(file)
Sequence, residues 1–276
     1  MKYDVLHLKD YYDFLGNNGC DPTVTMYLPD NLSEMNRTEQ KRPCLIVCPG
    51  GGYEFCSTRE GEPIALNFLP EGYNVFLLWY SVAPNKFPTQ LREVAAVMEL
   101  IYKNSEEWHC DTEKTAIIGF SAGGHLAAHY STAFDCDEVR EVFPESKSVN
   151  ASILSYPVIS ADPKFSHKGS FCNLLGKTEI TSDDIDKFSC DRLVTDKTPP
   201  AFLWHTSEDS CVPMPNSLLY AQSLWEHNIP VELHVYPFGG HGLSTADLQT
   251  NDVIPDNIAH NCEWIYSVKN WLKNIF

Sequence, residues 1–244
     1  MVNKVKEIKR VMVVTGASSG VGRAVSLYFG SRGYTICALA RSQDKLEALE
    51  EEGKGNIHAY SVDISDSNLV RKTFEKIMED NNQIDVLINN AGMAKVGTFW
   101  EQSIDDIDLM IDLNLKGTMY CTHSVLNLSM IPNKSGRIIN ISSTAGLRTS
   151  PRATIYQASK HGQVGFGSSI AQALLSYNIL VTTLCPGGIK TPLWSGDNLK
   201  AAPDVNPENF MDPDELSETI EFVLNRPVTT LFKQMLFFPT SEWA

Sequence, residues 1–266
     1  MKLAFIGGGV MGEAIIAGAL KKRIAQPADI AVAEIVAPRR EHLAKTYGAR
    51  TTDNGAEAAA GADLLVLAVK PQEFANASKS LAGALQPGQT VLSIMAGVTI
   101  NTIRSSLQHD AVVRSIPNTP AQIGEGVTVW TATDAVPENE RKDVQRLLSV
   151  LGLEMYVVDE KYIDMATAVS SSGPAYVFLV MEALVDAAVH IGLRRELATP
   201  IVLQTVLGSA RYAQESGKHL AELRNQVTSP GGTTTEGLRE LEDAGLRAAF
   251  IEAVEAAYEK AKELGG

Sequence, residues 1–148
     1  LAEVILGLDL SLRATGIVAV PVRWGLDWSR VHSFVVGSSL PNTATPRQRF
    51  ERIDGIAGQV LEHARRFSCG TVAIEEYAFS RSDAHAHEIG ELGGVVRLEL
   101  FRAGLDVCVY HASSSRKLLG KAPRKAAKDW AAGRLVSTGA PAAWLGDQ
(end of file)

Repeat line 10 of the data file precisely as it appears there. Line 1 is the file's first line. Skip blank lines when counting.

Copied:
    51  EEGKGNIHAY SVDISDSNLV RKTFEKIMED NNQIDVLINN AGMAKVGTFW